Yandex N.V. is a Russian multinational internet company best known for its search engine also called Yandex. While it was originally started in Russian at yandex.ru, it now has a global English version at yandex.com.
But Yandex is more than Russia’s biggest search engine. It is the biggest technology company in Russia, period. Yandex offers many other types of products and services, from music streaming and e-commerce to smart home technology and self-driving cars. Think Google mixed with Amazon, Uber and Spotify and you’re getting close to the empire that is Yandex.
Yandex was founded in 1997 by Arkady Volozh (who is the current CEO of the company), Arkady Borkovsky and Ilya Segalovich. The name is derived from the phrase “Yet Another iNDEXer.” Yandex’s search engine is similar to other popular search engines in most ways. It returns a list of blue links and also offers search results with images, videos and top news. In a 2019 interview with the Search Engine Journal, the Yandex search team shared that voice search accounts for about 20 per cent of searches.
To put things into perspective, in Russia, Yandex is more popular than Google. But being the crown jewel of Russia’s silicon valley also has its drawbacks. The country’s government sees the internet as contested territory amid ever-present tensions with the US.
According to Moscow-based journalist Evan Gershkovich who spoke with the MIT Technology Reviews in a podcast, the Russian government wants influence over how Yandex uses its massive trove of data on Russian citizens. Foreign investors, meanwhile, are more interested in how that data can be turned into growth and profit. Gershkovich explains how “Yandex’s ability to walk a highwire between the Kremlin and Wall Street could potentially serve as a kind of template for Big Tech.”
Imagine having one and only one tech company serving you everything you need during the day. “Everything from your morning news, music, and groceries, to your taxi home at night all delivered and operated by a single mega-corporation. Well, head over to Russia and you’ll find that world is very much a reality,” says Gershkovich.
According to him, Yandex even got an extra boost from the coronavirus pandemic. Revenue for the company’s delivery apps grew by 42 per cent in the second quarter of 2020. But this kind of success doesn’t come for free. Because the company is constantly growing, many foreigners are showing interest in Yandex and the Russian government is not happy about it. For them, only the government should have ultimate control of the massive amounts of data that tech companies hold on Russian citizens.
As a result, Yandex gets caught in between the demands of the foreign investors who hold most of its stock and those of the Kremlin. For years, the Kremlin and other state security services didn’t pay attention to the internet. Then, in 2008, when Russia fought a five day war with Georgia, Yandex News (which works the same way as Google News) started picking up liberal and independent media news about the war and putting it in its feed. This really upset the Kremlin, which wanted its viewpoint to be highlighted.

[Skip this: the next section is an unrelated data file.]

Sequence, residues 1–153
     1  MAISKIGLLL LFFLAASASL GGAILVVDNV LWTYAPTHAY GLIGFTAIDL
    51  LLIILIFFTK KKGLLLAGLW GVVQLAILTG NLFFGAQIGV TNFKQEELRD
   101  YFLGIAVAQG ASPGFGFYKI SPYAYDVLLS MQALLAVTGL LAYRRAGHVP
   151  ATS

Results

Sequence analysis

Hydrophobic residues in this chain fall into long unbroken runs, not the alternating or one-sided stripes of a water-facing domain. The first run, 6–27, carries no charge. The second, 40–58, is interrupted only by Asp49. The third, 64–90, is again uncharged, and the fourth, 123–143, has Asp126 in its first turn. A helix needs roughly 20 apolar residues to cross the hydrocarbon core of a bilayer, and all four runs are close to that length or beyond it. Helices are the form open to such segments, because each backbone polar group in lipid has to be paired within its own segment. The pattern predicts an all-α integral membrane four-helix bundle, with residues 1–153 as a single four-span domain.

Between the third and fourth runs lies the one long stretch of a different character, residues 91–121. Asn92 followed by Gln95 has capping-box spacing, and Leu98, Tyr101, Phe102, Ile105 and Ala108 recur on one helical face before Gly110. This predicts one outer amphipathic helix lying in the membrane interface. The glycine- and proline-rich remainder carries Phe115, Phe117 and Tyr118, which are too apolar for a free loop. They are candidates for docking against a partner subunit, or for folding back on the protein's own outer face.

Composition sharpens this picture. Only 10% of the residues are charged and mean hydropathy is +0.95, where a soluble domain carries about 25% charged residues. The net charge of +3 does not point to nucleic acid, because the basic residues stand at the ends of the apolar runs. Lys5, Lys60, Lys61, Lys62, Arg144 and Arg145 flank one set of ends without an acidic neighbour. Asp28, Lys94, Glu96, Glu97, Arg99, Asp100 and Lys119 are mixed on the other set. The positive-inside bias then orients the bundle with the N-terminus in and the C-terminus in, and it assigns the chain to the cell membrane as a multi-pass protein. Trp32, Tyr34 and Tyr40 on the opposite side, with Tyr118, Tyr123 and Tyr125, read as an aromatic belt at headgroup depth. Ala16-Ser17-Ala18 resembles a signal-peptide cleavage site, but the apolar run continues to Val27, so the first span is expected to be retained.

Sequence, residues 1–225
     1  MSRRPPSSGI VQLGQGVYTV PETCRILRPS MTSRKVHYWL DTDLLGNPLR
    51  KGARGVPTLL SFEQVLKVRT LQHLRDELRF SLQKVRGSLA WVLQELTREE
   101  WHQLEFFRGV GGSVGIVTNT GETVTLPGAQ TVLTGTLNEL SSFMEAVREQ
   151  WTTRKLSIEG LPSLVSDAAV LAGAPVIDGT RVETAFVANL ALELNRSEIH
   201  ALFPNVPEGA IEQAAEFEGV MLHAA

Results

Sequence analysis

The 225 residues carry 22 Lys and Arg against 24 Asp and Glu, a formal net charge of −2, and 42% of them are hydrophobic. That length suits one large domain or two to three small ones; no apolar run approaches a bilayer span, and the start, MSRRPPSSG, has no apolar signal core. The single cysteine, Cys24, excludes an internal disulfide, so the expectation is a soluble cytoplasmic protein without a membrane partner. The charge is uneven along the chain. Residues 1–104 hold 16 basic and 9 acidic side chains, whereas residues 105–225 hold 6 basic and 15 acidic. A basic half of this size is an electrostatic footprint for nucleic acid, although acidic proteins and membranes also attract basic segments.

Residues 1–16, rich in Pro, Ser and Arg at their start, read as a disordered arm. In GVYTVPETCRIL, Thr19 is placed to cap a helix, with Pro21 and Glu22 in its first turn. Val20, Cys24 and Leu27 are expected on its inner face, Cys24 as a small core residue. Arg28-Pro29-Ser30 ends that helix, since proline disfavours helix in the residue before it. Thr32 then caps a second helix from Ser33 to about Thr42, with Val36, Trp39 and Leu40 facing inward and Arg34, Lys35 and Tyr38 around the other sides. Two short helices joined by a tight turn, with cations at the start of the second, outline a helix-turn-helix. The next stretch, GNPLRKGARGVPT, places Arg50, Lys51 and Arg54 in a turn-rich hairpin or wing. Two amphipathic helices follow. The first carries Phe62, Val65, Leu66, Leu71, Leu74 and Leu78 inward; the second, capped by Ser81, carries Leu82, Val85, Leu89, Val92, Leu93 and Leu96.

“The Kremlin realised what power the internet actually could have. So it started to realise that this was an arena that it would if not control, at least pay close attention to,” says Gershkovich. First, Yandex faced a potential takeover by Kremlin-linked oligarch Alisher Usmanov. A year later in 2009, Yandex handed Russia’s largest lender, the state-owned Sberbank a so-called “golden share,” which allowed the bank to veto transactions involving more than a quarter of Yandex’s stock. This was meant to satisfy the Kremlin with any transactions the authorities weren’t happy with.
But when rumours surfaced that Sberbank was now hoping to buy a 30 per cent stake in Yandex to protect it from so-called “potential trouble,” in New York, the company lost a billion dollars in market value over these worries. It then took Yandex about a year but the company changed that golden-share into what they called the Public Interest Foundation, which has 11 seats on its board.
Three belong to Yandex, and the other eight are divided up among influential business groups and state-affiliated universities. This new structure now has that veto power that used to be with Sberbank. “The Public Interest Foundation has three main functions. The first is to block deals that would concentrate more than 10 per cent of Yandex’s stock under a single owner. The second is to control operations involving intellectual property. And third is the control of personal data,” explains Gershkovich.
In recent years, Russia passed two key laws which affected internet companies. The first one requires them to store data on servers in Russia only. And the second law is this notorious, so-called ‘Sovereign Internet Law’, which means that a state-owned communications infrastructure would be created and would allow the country to cut itself off from the global internet.
From the Kremlin’s perspective, the Sovereign Internet Law would be a way to control what its citizens can see online, just like in China. The only difference between the two countries is that, while China has complete control over its tech platforms, Russia is still playing around with the idea of doing so.
When Russia tried to block the popular messenger app Telegram, it stated for about a year that it was blocked. All the while, authorities kept using it themselves, including state media channels and even the Kremlin spokesman Dmitri Peskov. A year and a half later, the government just announced that Telegram was no longer blocked.
“It remains to be seen whether this is something that Russia is actually able to pull off. And so while it may want to be China in this sort of way, it sometimes falls short,” adds Gershkovich. This whole new way of moderating big tech companies is something that Facebook has also been pressured for.